Yes, God loves all people. His grace is free and available to each and every one of us – whatever we have done, however messed up we may be, whoever we are. God is patient, not wanting anyone to perish, calling everyone to come to repentance (2 Pet. 3:9). Yes, God accepts us just the way we are, but he loves us too much to let us remain that way.

When Jesus welcomes the sinner, he frees him from sin. When he welcomes those lost in darkness, they learn to live in the light. When he embraces the broken hearted and the broken to pieces, he heals them. When he encounters the self-righteous, he tells them that they must be born anew (John 3:3).

Jesus is not a Santa Claus on whose lap we can sit, feel better about ourselves, and then go on our way expecting to receive gifts. His compassion is a power that transforms us: once blind, we now see! Once lame, we now walk. Once sordid, we are now washed, sanctified, and justified.

That is Jesus’ kind of love. And it is this love that is offered to all.

Jesus never condemns anyone. Nor should we. But neither does he remain silent. His word is liberating. “Go now and leave your life of sin,” he tells the woman caught in adultery (John 8:11). For those who wish to remain as they are, only wanting to be accepted and affirmed, then Jesus’ welcoming love may be too much, too dangerous. Jesus’ word of welcome is indeed for everyone, but that very same word is always an invitation to change. Will we?


About the author

Charles E. Moore

Charles E. Moore

Charles E. Moore and his wife Leslie live in Denver, CO, where they form a small house community with friends and visitors...

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  • To proclaim all are welcome is ongoing in many church communities. It is more than being kind or tolerant. Many pastors, as you know are celebrating same-sex marriage, and blessing the children of such marriages that come into conception by extraordinary means. It has become quite incredulous. They really do not think that they need to repent or go & sin no more, as they do not think or believe that they are sinning. Yet, they love Jesus, and claim Him as their Savior. In our world, I am meeting so many people who are okay with the lifestyles you share about. I have heard parents share their struggle with acceptance of their adult children's choices. Also, people in church communities who have gone from thinking it is a sin to live a homosexual and/or the LBGTQ ways to full acceptance & being fine withe all of this. Mainly loving people wherever they are & however they came into church communities is what I am observing.. They want to acknowledge and not live in secrecy, and they love God and want to be involved in praising & worshipping within a loving community. It certainly is quite radical, and not the way those in The Bruderhof or other communities believe & think. I once asked two pastors how they reconcile this with what Scripture says, and they replied that they do not take the Bible literally, and feel it has many contradictions, and that Jesus never mentioned homosexuality. Oh, MY!!! So, we pray: Lord, have mercy!!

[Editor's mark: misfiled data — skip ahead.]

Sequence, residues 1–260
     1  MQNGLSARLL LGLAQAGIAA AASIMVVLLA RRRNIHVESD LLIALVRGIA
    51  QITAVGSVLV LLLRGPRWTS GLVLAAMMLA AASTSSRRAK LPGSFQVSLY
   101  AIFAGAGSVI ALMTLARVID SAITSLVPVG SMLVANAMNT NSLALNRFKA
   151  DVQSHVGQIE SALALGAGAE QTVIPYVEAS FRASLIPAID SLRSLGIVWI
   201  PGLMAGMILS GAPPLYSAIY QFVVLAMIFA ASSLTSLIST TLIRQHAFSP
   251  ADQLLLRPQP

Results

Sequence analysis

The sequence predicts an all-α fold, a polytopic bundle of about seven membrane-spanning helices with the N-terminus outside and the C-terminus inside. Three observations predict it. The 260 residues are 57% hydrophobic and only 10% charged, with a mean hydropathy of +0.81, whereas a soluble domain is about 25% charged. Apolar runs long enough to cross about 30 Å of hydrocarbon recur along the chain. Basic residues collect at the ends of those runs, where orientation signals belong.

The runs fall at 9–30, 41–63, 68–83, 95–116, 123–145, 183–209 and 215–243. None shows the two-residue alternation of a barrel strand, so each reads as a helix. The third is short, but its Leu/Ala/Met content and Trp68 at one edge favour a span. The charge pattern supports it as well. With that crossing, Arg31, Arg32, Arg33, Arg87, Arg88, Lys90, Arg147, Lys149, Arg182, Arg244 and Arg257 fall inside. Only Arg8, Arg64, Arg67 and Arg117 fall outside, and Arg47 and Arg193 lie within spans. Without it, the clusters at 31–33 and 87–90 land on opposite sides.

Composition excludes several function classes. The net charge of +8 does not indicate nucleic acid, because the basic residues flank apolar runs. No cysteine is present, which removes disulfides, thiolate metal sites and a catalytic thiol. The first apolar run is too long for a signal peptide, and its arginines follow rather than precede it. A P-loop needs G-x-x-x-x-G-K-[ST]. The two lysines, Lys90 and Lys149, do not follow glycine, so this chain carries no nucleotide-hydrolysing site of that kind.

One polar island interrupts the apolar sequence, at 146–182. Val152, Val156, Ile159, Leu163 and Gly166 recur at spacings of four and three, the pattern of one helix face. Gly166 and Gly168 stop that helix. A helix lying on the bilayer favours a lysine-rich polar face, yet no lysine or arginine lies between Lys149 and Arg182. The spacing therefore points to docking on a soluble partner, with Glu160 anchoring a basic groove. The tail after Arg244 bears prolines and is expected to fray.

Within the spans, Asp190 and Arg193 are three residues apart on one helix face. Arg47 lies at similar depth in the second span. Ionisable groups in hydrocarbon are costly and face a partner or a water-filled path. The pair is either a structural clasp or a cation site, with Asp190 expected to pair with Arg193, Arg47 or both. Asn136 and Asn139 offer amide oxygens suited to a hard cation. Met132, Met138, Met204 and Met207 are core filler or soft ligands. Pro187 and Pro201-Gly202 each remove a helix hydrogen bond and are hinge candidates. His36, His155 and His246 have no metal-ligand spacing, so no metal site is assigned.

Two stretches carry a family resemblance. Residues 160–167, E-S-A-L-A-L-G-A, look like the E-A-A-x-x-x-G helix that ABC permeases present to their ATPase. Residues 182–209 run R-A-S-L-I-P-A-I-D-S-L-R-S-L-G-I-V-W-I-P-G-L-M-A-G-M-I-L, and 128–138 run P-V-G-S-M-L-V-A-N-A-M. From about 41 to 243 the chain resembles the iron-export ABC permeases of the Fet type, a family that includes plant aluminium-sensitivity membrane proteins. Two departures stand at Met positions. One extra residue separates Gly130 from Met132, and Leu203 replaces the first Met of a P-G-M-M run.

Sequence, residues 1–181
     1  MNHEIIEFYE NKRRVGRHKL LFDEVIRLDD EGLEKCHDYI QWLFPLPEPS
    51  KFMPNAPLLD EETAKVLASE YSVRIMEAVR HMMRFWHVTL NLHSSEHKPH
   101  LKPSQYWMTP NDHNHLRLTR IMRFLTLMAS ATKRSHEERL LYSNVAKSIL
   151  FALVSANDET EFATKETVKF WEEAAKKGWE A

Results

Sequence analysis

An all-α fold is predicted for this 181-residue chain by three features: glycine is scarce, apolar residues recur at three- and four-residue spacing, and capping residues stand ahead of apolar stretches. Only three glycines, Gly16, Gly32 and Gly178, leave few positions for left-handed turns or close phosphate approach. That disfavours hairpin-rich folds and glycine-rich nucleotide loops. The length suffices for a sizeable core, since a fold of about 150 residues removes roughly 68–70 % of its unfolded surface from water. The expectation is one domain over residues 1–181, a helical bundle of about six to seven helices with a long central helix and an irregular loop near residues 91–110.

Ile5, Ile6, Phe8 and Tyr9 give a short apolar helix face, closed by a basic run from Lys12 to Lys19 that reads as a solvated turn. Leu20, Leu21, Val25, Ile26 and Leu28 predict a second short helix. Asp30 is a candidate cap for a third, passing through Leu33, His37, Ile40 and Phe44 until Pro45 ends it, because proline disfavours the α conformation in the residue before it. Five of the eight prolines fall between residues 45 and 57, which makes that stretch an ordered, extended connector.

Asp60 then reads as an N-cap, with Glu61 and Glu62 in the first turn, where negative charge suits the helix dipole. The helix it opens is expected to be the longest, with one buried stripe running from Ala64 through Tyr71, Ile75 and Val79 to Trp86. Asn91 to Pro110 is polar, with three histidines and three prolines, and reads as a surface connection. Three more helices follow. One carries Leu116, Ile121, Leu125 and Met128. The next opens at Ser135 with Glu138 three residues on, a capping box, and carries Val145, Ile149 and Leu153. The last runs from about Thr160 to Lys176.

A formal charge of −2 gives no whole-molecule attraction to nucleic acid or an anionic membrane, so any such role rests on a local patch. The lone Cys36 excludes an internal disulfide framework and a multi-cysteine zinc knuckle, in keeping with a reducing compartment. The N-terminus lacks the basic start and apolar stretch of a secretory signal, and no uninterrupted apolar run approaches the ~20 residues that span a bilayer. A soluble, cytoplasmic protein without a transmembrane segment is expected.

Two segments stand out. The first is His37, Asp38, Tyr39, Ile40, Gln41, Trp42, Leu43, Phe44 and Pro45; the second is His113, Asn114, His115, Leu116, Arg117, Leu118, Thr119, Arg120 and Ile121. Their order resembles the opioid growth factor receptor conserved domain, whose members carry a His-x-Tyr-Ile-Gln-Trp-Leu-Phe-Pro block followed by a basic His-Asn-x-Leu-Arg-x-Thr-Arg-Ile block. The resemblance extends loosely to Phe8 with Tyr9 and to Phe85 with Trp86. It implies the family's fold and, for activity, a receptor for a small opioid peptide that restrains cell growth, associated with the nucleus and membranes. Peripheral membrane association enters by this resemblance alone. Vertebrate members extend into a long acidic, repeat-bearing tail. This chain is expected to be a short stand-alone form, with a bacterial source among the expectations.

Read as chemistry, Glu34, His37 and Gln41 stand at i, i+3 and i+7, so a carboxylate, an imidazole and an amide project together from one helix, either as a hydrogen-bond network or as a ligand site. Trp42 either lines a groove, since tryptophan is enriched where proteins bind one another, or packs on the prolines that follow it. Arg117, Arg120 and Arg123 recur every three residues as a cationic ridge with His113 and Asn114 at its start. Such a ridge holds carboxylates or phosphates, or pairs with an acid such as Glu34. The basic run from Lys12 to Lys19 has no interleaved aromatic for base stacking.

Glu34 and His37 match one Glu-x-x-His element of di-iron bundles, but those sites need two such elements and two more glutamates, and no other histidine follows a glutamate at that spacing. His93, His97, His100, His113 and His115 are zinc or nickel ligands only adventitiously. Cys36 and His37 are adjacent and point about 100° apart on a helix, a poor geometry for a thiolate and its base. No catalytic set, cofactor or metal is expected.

Pat Wieczynski
  • Great article. Thanks for sharing.

    Keith Riddick
  • Thank you.

    Mike Wellunscheg